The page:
Kant's Three Fundamental Questions
A sermon delivered by Ronald Knapp, Minister Emeritus, on July 17, 2011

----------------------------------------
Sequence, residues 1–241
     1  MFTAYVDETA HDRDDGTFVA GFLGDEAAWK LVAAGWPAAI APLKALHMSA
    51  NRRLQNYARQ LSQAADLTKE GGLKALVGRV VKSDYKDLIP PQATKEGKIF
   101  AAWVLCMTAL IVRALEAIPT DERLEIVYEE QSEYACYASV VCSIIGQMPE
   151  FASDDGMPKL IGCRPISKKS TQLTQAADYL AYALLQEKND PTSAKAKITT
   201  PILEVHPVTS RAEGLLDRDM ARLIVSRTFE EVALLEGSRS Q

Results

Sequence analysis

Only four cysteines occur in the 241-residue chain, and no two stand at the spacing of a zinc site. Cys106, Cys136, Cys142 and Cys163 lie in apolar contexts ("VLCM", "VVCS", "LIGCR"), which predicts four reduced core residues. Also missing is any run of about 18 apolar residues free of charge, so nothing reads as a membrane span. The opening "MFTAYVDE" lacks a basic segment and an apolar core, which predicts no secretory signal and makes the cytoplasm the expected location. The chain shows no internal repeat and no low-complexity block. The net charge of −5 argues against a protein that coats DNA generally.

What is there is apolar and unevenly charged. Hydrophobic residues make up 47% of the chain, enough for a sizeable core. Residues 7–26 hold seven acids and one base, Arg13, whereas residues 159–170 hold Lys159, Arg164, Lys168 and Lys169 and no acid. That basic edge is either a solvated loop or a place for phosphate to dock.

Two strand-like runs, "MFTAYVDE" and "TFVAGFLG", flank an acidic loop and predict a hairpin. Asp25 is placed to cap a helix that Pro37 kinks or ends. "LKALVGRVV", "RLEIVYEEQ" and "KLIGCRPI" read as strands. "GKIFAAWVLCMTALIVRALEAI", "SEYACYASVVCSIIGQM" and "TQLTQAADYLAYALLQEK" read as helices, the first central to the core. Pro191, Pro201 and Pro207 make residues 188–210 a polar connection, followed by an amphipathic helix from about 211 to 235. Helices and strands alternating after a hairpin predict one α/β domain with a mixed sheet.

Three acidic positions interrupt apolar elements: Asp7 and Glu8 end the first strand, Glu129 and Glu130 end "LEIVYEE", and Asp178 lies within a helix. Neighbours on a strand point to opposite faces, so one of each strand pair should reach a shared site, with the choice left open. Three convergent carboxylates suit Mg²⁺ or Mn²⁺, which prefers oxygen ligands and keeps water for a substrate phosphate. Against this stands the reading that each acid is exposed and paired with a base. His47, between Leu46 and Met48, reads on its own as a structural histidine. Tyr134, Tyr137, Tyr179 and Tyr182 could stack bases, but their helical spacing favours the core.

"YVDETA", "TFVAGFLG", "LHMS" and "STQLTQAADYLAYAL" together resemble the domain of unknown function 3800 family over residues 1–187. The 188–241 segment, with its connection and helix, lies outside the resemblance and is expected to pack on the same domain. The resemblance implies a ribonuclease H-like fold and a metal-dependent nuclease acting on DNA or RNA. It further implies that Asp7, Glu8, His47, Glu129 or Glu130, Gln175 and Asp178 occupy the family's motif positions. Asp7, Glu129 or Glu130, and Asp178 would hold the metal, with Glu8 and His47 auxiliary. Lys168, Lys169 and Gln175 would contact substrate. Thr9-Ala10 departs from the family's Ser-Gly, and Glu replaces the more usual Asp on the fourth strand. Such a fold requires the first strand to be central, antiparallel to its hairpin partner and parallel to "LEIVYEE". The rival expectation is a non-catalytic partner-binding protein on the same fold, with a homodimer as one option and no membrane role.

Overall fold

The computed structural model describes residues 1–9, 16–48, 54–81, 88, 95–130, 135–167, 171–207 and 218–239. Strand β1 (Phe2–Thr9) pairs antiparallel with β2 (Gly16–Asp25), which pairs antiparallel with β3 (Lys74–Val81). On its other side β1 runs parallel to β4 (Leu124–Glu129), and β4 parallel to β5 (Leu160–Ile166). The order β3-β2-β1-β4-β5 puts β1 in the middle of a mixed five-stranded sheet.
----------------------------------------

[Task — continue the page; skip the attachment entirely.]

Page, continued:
KANT'S THREE FUNDAMENTAL QUESTIONS Some Personal Perspectives What Can I know? What ought I to do? What may I hope? A Sermon By Ronald Knapp, Minister Emeritus FIRST UNITARIAN CHURCH OF OMAHA July 17, 2011 A Return with me now to those days of yesteryear. Some of you who have been around this place fifteen or more years may remember my September Sermon Series. Every September, while I was the settled minister here, I would begin each new church year, beginning with the first Sunday after Labor Day, with a series of three sermons on some interrelated theme. And then, on the fourth Sunday, we would have what I called “The deacon's bench.” The deacon's bench was composed of three lay people from the congregation who would have the charge of listening to my three sermons and then reacting to them on the fourth Sunday, when I would be charged with listening to what they had to say. The idea of the deacon's bench comes from an old Calvinist custom whereby the deacons would literally sit on what was called the deacon's bench and were charged with making sure that the minister did not stray from pure Calvinist orthodoxy. Now, since there is no pure Unitarian Universalist orthodoxy that I would have to uphold, they would be free to express their own opinions, feel free to argue with me, feel free to take exceptions to what I had to say. And since I could say what I wanted to say because of our idea of “freedom of the pulpit,” they too would have freedom of the pulpit on their Sunday. I'll bet there are at least a few of you here who remember those days. Twenty eight years ago, in September of 1983, My September Sermon Series was titled “Kant's Three Fundamental Questions.” The deacon's bench was composed of Nancy Easley Uhl, Jim Van Arsdall, and Rachel Jones. The series was based on a single sentence from Kant's The Critique of Pure Reason although I did not get it from that source. I found it on the frontispiece of Walter Kaufman's book, The Faith of Heretic, a book I would suggest every Unitarian Universalist should read. Kant's sentence is this: All the interests of my reason, speculative as well as practical, combine in the following three questions: What can Can I know? What ought I to do? What may I hope? In that series I dealt in order with those three questions. In preparation for this sermon, I read my three sermons from the series, along with the reactions from the Deacon's Bench. And I decided that I would return to that theme and see how I would respond to those questions today. Of course my remarks on each question will be brief. After all, twenty eight years ago I had three Sundays to cover the waterfront! In a sense, Kant's fundamental questions are the questions I have tried to answer in my sermons over the years. And they are, perhaps, the fundamental questions which Unitarian Universalism needs to confront. As I deal with Kant's fundamental questions, I am trying to deal with them from a personal perspective, but I expect that I will readily move from the “I” to the “We.” B WHAT CAN I KNOW? Kant's first question, “What can I know?” is especially important to me. A lot of my religious thought has centered on this question over the years. And it is this question that led me out of Methodism and into Unitarian universalism. Many of you will know this story from past sermons, and more recently from my address, a few weeks ago, to the “Tolerant Atheists.” But perhaps it is worth repeating. Many or most of you will know that I began my ministerial career as a Methodist minister, When I was in my late twentys I had a funeral for a young man, about my age, who had died of cancer. It took a couple of years to bring about his death and in those years I got to know him quite well. This young man had a younger brother, his only sibling, who had shot off half of his face in a gun accident when he was a boy and had become a drunk. And he was drunk at his brother's funeral. As I was going through the ritual-In my fathers house are many mansions. If it were not so I would have told you. I go to prepare a place for you that where I am there ye may be also. --the drunken brother jumped up, shouted at me, “how in the hell do you know,” and stormed out of the room, slamming the door. As for me, I took a deep breath, hitched up my pants, as is my wont, and went on with the ritual. But more and more, as time went on, the question haunted me. And more and more, I came to understand that I did not know and wanted to know a whole lot more than I wanted to believe. In a letter to his mother, seeking to explain why he had renounced Christianity, Frederick Nietzsche wrote: Here the ways of men part: if you wish to strive for peace of soul and pleasure, then believe; if you wish to be a devotee of truth, then inquire. That's me. What can I know? The answer begins with inquiry. Inquiry leads to knowledge. And for me, from my perspective as a religious humanist, a perspective I believe ought to be central to Unitarian Universalism, knowledge always stumps belief just as reason trumps faith! Our beliefs ought to expand as knowledge increases. Our faith ought to expand as reason opens up a wider universe. In our day and age a great deal of what we know about the universe comes from the world of science. A religion adequate for the twenty first century has to pay close attention to new knowledge as it emerges from science. My favorite literary reflection on this thought comes from my poetic muse, Walt Whitman. There is a passage in “Song of Myself” where Whitman is talking to the scientists. “Your house is not my house,” he wrote. That is, the house of science is not the house of poetry or the house of religion. But, he concludes “I must go through your house to get to my house.” That is, I must go through the house of science to get to the house of religion. I must go through the house of emerging knowledge to get to an adequate religion for the modern world. So thought Whitman and so say I. What can I know? As I dwell on this question there is something that seems almost trite to say and yet seems of the utmost importance. And that is that I can know only that which I can know. Human beings can know only that which human beings can know, with human brains, with human central nervous systems, with all of that which makes up the human perceptual apparatus. We know the world, we know the universe, only as human beings are biologically equipped to know it. As William James noted in his Principles of Psychology, “how different must be the world in the consciousness of ants, cuddle fish, or crab!” When one considers the universe on these terms, how arrogant it becomes to think that human beings can know the mind of God. How preposterous to imagine that adherents to the myriad forms of religion found throughout the world,and throughout human history, can know the ultimate truth which so many do, such as “Christ died for our sins,” or “There is only one God, Allah, and Mohamed is his prophet.” One more thought about the question “What can I know?” – a thought that has to do with humility. The more we know, the more we need to understand that there is even more that we do not know. It behooves all of us, as we think about what we know, to emulate one of the greatest thinkers of all time, one of the greatest scientists, Sir Issac Newton, who did know a lot, but who also said, I do not know what I may appear to the world, but to myself I seem to have been only like a boy laying on the sea-shore, and diverting myself in now and then finding a smoother pebble or a prettier shell than ordinary, whilst the great ocean of truth lay all undiscovered before me. C What Ought I To Do? Immanuel Kant's second fundamental question is “What ought I to do?” Kant himself answered his question with what he called “”The categorical Imperative.” Act according to the maxim that you would wish all other rational people to follow, as if it were a universal law. That seems to be a philosophical variation of something found in most of the religions of the world, commonly referred to as “the golden rule.” Do unto others as you would have others do into you. Or as it is sometimes expressed negatively, and perhaps more meaningfully, Do not do unto others as you would have others not do unto you. In my sermon twenty eight years ago, I tried to expand on this a bit, including what I see as the more intimate aspects of the golden rule, that is acting in immediate circumstances, actual human experience, to something more broadly defined. I said, in that sermon, All human interactions have results that affect not only those immediately involved, but like ripples caused by the rock thrown in the water, have affects which we cannot foresee. And any system of moral understanding, especially in the modern world, has to make room for those unforeseen affects. I am trying to suggest that morality involves not only ourselves and our connections to things, in our immediate relationships, but in the connections of things to other connections of things, connections that travel all the way around the world, connections that transcend time. And then I came up with my own attempt at articulating a categorical imperative. For what its worth, here it is. To act ethically and to act morally, always act in such a way as to demonstrate an honest and proper regard for yourself, for your own being in the world. And always act in such a way as to show an honest and proper regard for the immediate context in which you live, for the people and things that make up your world. And always act in such a way as to show an honest and proper regard for those people and contexts which are distant from you, both in terms of space and of time. Thirty five years ago, 1976, when I was installed as the settled minister of this church, my fiend, Don Johnson, gave the installation address. In his address Don said that the world was getting “shouldier and shouldier.” I kind of gasped and held my breath for a moment. It sounded to me like he said some variation of a common four letter word. But, no, he was talking about something that was characteristic of the time, especially so among Unitarian Universalists. The popular liberal religious spirit of the time was a spirit that disdained rules of behavior, that rejected any socially constructed morality, that made '”feeling guilty” almost the worst possible sin. At the time we tended to tell each other that we did not come into the world to live up to their expectations. “Do your own thing,” we said, “If it feels good do it.” We were in rebellion against the “shoulds” and the “oughts.” But as we moved out of the twentieth century and into the twenty first, it became clearer and clearer that there are a lot of “oughts” that we “ought" to pay attention to. Those "oughts" range from the more mundane -- we ought to be using reusable grocery bags rather than plastic ones or we ought to walk more and drive less or we ought to eat less meat and more vegetables or we ought to live more simply and waste less. And move on to the more profound. In a world where populations are growing and available food supplies are not keeping pace with that expanding population, in a world where more and more children are going to bed hungry each year, and dying, we ought to be involved in creating a world that provides more equitably for the whole human race. In a world of climate change and global warming, where low lying areas of the world may be inundated by deeper oceans – like Bangladesh, for example – we ought to be concerned about how we prevent such disasters. In a world where this country utilizes far more than its fair share of the earth's abundance we ought to seek ways to share. It looks to me that the world is getting "shouldier and shouldier," that there are a lot more “oughts” that we ought to pay attention to. One could go on with an extended litany, but this will have to do for now. I readily admit that I don't know what I ought to do about all of them, what we ought to do – or even how willing I am, or we are, to do it – but the ought remains! We ought to be part of the solution rather than part of the problem. When I think of Kant's question, “What ought I to do?”and see the problems confronting the world, there is a wonderful little poem that comes readily to mind. It is from Bonaro Overstsreet. You say that the little efforts that I make will do no good, They never will prevail to tip the hovering scale Where Justice hangs in balance. I don't believe I ever thought They would. But I am prejudiced beyond debate In favor of my right to choose which side Shall feel the stubborn ounces Of my weight. D WHAT MAY I HOPE Kant's third fundamental question is “What may I hope.” I think I shall begin a brief discussion of this question with a negative, “What may I not hope?” In a book that has long been important to me, “Chance And Necessity,” Jacques Monod wrote that “All religions and even a great part of science” Testify to the unwavering effort of humanity to “deny its own contingency.” We are contingent upon the unfolding of the universe, We are no less and no more than the products of an evolving life process and the evolution of the physical cosmos. I believe that. I come out of this unfolding universe, live my life, and return to the universe from whence I came. And I cannot hope any differently. Every body seems to like to sing “Amazing Grace,' even Unitarian Universalists for reasons I cannot comprehend. It begins with a “wretch like me” and concludes with these words: When we've been there ten thousand years Bright shining as the sun, We've no less days to sing God's praise Than when we first begun. Now, I suppose those words are meant to be a description of heaven. But to me they seem like the best description of hell I can think of. Singing God's praises for an hour or two might be fun. But ten thousand years and on on and on. No thank you. I would like to see my life, from birth to death and beyond, as simply a part of nature. Both Anne and I, in our wills, have instructed our children, after the university gets through with our bodies, and they are cremated, that the ashes be spread around the flower garden of this church so that the elements that made up our bodies become the elements that nourish new life. What may I hope? Well on an intimate personal level, I may hope that I will have a few more years to enjoy life. And I hope that I will have at least a few more opportunities to preach the word, since I do so love doing it. On a broader level, I may hope that, in my lifetime, I have done more good than I have done harm, I may hope that the world is a better place because I lived. But more important than my or our personal legacies, I may hope that we. As a nation, and the international community, can really begin to take the problems of the earth – the only home we have – seriously. With the terrible effectiveness of modern weaponry, I may home that we can find a way to end the scourge of war. I may hope that we will cease killing ourselves and others in the name of God. I may hope that we will so appreciate Mother Earth that the whales and the polar bears, The redwoods and the saguaros , will all be saved to be enjoyed by our great grand children. Henry Wadsworth Longfellow, in his “Psalm of Life,” wrote: Lives of great men all remind us We can make our lives sublime, And, departing, leave behind us Footprints in the sands of time. We all leave footprints in “the sands of time.” And we may hope that the footprints we do leave do not diminish the human and the natural landscape. Viktor Frankl uses a different imagery, but he means the same thing, when he suggests that every day and in everything we do, we are building “a monument to our existence.” I may hope that my monument will be a good one. And yours too. E CONCLUSION What can I know? What ought I to do? What may I hope? One could write many sermons, even many books, on each of those questions. But what I have just said is the best I can do for now. I have tried to come up with a reading that might encompass, as a conclusion, at least much of what I have been trying to say. And I came up with this passage from “The New Spirit” by Havelock Ellis: The present is in every age merely the shifting point at which past and future meet, and we can have no quarrel with either. There can be no world without traditions; neither can there be any life without movement. There is never a moment when the new dawn is not breaking over the earth, and never a moment when the sunset ceases to die. It is well to greet serenely even the first glimmer of the dawn when we see it, not hastening towards it with undue speed, nor leaving the sunset without gratitude for the dying light that was once dawn. In the moral world we are ourselves the light-bearers, and the cosmic process is in us made flesh. For a brief space it is granted to us, if we will, to enlighten the darkness that surrounds our path. As in the ancient torch-races, which seemed to Lucretius to be the symbol of all life, we press forward torch in hand along the course. Soon from behind comes the runner who will out-pace us. All our skill lies in giving into his hand the living torch, bright and unflickering, as we ourselves disappear in the darkness.